While parts of the world experience economic hardship, a team of Portuguese, UK, Japanese, Italian and Dutch astronomers has found an even bigger slump happening on a cosmic scale. In the largest ever study of its kind, the international team of astronomers has established that the rate of formation of new stars in the Universe is now only 1/30th of its peak and that this decline is only set to continue.
The accepted model for the evolution of the Universe predicts that stars began to form about 13.4 billion years ago, or around three hundred million years after the Big Bang. Many of these first stars are thought to have been monsters by today's standards, and were probably hundreds of times more massive than our Sun. Such beasts aged very quickly, exhausted their fuel, and exploded as supernovae within a million years or so. Lower mass stars in contrast have much longer lives and last for billions of years.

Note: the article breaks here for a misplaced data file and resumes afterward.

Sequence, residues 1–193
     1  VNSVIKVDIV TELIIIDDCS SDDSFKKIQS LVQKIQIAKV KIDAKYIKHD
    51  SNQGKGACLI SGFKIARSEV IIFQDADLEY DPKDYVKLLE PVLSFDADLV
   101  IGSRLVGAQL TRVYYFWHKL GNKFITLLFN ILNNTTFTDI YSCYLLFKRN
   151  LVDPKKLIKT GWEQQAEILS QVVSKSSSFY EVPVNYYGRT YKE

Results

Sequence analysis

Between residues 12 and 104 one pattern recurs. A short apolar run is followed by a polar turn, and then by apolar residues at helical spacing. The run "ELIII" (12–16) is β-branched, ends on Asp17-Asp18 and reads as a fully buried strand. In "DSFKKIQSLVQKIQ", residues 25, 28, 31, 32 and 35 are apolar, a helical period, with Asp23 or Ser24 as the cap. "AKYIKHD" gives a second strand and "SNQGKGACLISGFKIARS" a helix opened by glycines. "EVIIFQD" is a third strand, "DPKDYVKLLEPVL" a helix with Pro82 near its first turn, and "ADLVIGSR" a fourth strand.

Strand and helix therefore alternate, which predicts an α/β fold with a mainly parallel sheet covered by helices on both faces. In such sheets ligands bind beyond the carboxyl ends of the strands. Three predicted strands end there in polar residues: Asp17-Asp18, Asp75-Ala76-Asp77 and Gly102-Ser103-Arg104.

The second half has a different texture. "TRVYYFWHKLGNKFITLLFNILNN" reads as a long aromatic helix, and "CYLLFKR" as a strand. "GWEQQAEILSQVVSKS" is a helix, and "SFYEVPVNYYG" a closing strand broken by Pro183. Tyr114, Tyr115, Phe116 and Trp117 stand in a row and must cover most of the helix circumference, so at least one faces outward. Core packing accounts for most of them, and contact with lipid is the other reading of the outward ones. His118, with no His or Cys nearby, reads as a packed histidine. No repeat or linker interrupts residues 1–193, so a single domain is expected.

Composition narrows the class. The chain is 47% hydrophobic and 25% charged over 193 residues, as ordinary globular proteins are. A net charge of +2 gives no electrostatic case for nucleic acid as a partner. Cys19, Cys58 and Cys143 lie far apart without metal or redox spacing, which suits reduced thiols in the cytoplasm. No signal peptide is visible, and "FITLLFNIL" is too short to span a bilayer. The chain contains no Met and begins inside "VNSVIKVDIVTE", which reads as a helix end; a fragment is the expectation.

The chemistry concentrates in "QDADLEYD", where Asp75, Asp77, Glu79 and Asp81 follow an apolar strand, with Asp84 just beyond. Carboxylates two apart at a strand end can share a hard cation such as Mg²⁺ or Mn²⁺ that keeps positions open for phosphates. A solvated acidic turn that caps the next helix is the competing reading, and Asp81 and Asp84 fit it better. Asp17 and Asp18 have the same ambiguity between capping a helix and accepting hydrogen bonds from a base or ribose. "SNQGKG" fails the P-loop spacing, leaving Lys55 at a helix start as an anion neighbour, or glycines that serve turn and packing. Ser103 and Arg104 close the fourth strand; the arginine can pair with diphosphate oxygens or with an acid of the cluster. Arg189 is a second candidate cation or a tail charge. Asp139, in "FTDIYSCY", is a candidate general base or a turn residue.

Much of the dust and gas from stellar explosions was (and is still) recycled to form newer and newer generations of stars. Our Sun, for example, is thought to be a third generation star, and has a very typical mass by today's standards. But regardless of their mass and properties, stars are key ingredients of galaxies like our own Milky Way. Unveiling the history of star formation across cosmic time is fundamental to understanding how galaxies form and evolve.